The SOCI Act, where are we now and how can we help?

Published Oct 17,2022

The Australian government are moving at speed and the next phase of the SOCI Act, and the risk management program (RMP), should be finalised in December 2022 after industry consultation.  


Here’s an overview of the SOCI Act, what’s been passed and what is being worked through.  


Key takeaways: 
▪ SOCI reforms are now in force
▪ Two bills were passed in December 2021 & March 2022
▪ The legislation covers a broad range of assets and a broad range of roles relating to those assets


SLACI Bill  
The SLACI Bill is the first of the two bills to amend the SOCI Act. This was passed on the 2nd December 2021.


It introduced new obligations and expanded the number of sectors and assets under the SOCI act


Two positive security obligations apply: 
▪ Provision of operational and ownership information to the Register of Critical Infrastructure Assets
▪ Mandatory cyber incident reporting

The Governance also have assistance measures now in place.


The Security Legislation Amendment (Critical Infrastructure) Bill 2022 (SLACI Act) was passed in December 2021, expanding the number of sectors and assets under the SOCI act.


Sectors that are now required to follow the SOCI Act are:
• Communications
• Data storage or processing
• Financial services and markets
• Water and sewerage
• Energy
• Health care and medical
• Higher education and research
• Food and groceries
• Transport
• Space technology
• Defence industry


New obligations introduced from the SLACI Act are the register of critical infrastructure assets, mandatory cyber security incident reporting, and government assistance.


Register of Critical Infrastructure Asset 
An organisation must identify who owns and controls critical infrastructure asset.


Mandatory Cyber Security Incident Reporting 
For critical cyber security incidents, the responsible entity must notify the ACSC within 12 hours of being aware of a cyber security incident. For an incident that had, is having, or is likely to have a ‘relevant impact’ on the asset, within 72 hours the responsible entity must report this cyber incident.


Government Assistance 
The government assistance framework is utilised as a last resort as an intervention to respond to an incident towards critical infrastructure. This occurs during an instance when an entity is unwilling or unable to conduct their own incident response.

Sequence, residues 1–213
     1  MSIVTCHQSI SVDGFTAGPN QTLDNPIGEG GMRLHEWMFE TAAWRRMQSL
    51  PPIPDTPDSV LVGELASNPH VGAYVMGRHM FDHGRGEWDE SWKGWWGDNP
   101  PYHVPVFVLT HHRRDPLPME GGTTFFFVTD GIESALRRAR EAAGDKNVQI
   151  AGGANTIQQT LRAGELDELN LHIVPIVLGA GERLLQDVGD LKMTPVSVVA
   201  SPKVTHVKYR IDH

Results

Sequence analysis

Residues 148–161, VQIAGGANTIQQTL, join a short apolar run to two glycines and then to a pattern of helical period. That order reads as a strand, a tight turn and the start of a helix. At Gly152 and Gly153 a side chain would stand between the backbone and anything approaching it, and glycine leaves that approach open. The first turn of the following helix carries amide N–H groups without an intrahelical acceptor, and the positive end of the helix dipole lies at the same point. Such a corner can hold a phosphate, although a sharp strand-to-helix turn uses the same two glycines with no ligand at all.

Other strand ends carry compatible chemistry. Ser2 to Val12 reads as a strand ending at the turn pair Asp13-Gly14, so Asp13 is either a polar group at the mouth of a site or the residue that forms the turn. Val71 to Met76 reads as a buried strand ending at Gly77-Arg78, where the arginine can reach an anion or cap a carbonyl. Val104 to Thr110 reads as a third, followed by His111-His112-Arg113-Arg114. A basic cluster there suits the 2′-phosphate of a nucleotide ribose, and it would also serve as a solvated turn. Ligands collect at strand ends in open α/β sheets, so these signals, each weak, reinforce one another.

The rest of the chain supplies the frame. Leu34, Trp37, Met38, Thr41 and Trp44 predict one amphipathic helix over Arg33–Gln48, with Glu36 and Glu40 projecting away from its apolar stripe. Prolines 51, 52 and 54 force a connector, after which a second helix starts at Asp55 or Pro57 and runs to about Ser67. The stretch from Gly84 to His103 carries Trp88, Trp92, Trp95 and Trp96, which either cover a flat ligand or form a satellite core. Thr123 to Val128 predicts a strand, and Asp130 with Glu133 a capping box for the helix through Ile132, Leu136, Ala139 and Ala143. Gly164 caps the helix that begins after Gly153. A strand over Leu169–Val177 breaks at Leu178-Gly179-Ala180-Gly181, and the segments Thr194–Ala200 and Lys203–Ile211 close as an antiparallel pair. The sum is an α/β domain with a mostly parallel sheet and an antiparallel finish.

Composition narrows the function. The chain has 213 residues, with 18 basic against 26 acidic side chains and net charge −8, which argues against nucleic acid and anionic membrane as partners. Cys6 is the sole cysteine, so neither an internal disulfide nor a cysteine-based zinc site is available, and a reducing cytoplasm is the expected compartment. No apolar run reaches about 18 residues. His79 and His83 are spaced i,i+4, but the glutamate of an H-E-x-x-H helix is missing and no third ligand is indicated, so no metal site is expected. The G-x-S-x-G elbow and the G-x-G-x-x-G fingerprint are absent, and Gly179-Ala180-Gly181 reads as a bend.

The SLACIP Bill 

The SLACIP Bill, the second of the bills, passed in March 2022, to address the outstanding elements of the proposed framework including:


◦ Enact a third positive security obligation requiring critical infrastructure entities to develop and comply with a risk management program to protect their Critical Infrastructure assets
◦ The ability to declare systems of national significance (SoNS)
◦ Enhanced cyber security obligations that could be applied to a SoNS


The Security Legislation Amendment (Critical Infrastructure Protection) Bill 2022 (SLACIP Bill) was passed in March 2022, introducing a new obligation to establish and maintain a Risk Management Program, and the ability to declare systems of national ignificance. The risk management program identifies material risks that may affect the availability, integrity, reliability, and confidentiality of their critical infrastructure asset. Other obligations from the SLACIP Bill are identifying systems of national significance (SoNS). This is currently under consultation, due to be completed early December.


The risk management program identifies material risks that may affect the availability, integrity, reliability, and confidentiality of their critical infrastructure asset. The following subheadings are targeting different areas that provide material risk or relevant impact on a critical asset.


Cyber and information security hazards
An organisation must establish and maintain a framework that minimises or eliminate a material risk that could have a relevant impact on an asset. This framework must also mitigate the relevant impact of a hazards to an asset. An organisation can maintain one of the following frameworks and their corresponding conditions:

• ISO/IEC 27001:2015
• Essential Eight Maturity Model
◦ Meet maturity level one
• Framework for Improving Critical Infrastructure Cybersecurity by NIST
• Cybersecurity Capability Maturity Model published by the Department of Energy of the United States of America
◦ Meet maturity indicator level one
• 2020-21 AESCSF Framework Core published by Australian Energy Market Operator
◦ Meet security profile one


Personnel hazards 

An organisation must identify, assess, minimise, or eliminate material risks that could affect the functioning of an asset, related to critical workers, negligent employees, malicious insiders or from the off-boarding process. It’s also encouraged that critical worker with access to critical assets, have background checks under the AusCheck scheme at regular intervals.


Supply chain

An organisation must establish and maintain a process or system that mitigate relevant impact and minimise or eliminate material risk related to threats and vulnerabilities stemming from the supply chain. These risks stem from supply chain and high-risk vendors.


Physical security hazards and natural hazards 

An organisation must establish and maintain a process or system that identify critical parts to an asset, mitigating a relevant impact and minimising or eliminating a material risk of a physical security hazard. These risks stem from unauthorised access to a critical site and control access to critical sites, and natural hazard on the asset.


Secolve can help you understand and comply with the SOCI Act legislation. Get in touch with us today to understand more.